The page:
Stanford Prison Experiment: Summary & Ethics

Instructor: Natalie Boyd

Natalie is a teacher and holds an MA in English Education and is in progress on her PhD in psychology.

In 1971, Philip Zimbardo conducted a notorious study on human behavior by setting up a fake prison. Learn more about the Stanford Prison Experiment and the ethical questions it raised, and test your knowledge with a quiz.

The Prison Experience

When news articles began to surface in 2004 that U.S. soldiers had tortured prisoners in Iraq's Abu Ghraib prison, people were shocked. How could people tasked with overseeing prisoners commit such horrible crimes? To many, it seemed unthinkable.

Not to Philip Zimbardo. More than 30 years earlier, Zimbardo had learned how vicious normally good people could be when tasked with keeping control of a group of prisoners. He ran a study in 1971 that simulated the prison experience with volunteers. The results catapulted Zimbardo and his study into the news, and the Stanford Prison Experiment (as it is known) became notorious.

The Study

Zimbardo and his colleagues in the Stanford University psychology department were interested in studying social roles and the way they influence people's behaviors. They advertised for volunteers who wanted to earn $15 dollars a day for two weeks. The 24 men who were chosen for the experiment - mostly middle-class college students - were randomly divided into two groups: prisoners and guards. They were placed in the basement of a building at Stanford.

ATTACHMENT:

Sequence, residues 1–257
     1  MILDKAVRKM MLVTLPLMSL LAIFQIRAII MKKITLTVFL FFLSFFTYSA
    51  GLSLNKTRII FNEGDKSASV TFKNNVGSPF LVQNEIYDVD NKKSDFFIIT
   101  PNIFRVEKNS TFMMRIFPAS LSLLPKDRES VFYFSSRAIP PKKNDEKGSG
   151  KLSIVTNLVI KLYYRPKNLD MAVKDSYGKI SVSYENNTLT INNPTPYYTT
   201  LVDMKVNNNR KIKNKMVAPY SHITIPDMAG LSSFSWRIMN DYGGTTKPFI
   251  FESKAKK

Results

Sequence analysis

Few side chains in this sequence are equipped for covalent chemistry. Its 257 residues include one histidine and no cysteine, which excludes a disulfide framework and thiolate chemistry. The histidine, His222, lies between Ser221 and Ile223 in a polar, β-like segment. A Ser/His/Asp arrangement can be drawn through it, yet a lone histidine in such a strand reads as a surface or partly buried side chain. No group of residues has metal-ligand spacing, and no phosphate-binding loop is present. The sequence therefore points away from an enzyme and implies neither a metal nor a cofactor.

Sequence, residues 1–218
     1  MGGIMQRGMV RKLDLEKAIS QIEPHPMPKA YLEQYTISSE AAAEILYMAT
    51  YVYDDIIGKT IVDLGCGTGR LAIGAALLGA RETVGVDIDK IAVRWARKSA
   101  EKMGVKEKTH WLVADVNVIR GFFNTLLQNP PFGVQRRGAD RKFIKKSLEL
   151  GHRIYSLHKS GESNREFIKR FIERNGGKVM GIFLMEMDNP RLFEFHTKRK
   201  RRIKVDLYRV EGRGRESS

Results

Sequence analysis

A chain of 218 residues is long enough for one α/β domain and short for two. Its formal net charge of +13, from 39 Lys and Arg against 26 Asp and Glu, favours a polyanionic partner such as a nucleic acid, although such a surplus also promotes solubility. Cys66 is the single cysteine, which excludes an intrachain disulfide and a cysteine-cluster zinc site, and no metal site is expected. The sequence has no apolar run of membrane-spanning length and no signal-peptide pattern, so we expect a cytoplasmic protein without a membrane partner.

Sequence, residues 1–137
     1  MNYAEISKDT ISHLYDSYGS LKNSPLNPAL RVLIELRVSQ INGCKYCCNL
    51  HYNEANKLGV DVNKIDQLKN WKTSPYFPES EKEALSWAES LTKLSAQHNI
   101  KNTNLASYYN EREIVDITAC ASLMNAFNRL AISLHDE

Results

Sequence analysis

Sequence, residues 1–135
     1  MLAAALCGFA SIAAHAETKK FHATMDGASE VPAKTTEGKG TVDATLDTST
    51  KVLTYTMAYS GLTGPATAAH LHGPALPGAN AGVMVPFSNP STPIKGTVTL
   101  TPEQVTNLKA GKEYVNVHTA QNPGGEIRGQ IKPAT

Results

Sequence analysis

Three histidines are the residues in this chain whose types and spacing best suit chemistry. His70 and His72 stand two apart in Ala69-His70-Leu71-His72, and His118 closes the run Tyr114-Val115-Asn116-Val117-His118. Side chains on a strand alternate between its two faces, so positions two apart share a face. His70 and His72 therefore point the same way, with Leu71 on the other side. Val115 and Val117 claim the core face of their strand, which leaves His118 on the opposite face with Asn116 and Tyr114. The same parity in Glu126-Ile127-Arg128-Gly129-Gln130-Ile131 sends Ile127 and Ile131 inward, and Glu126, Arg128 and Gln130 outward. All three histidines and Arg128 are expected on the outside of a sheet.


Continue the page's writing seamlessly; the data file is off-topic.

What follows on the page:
Jordan Hall, Site of the Experiment
Jordan Hall at Stanford University

The guards were told that they had to keep control of the prisoners, but were not allowed to use physical force. The prisoners were given a list of seventeen rules that the guards wrote up. They included the requirement that prisoners address each other by their prisoner number, not name, and they were not allowed to refer to their situation as an experiment. The researchers monitored the situation via video cameras.

On the second day, the prisoners staged a revolt. After getting the prisoners under control, the guards realized that they needed to assert their authority. Because they were not allowed to use violence, the guards got creative about how to control the prisoners. They woke the prisoners up several times during the night, causing sleep deprivation. They forced some of them to clean toilets with their bare hands. One of the guards said that he asked himself, 'How can we top what we did yesterday? How do we do something even more outrageous?' As a result, the degradation of the prisoners continued to grow more and more out of hand.

The Intervention

Early on, the prisoners began to display anxiety and depression as a result of the humiliation from the guards. The experimenters released several prisoners early due to severe psychological reactions. But none of the researchers questioned whether the study should end early, despite the escalating actions of the guards.

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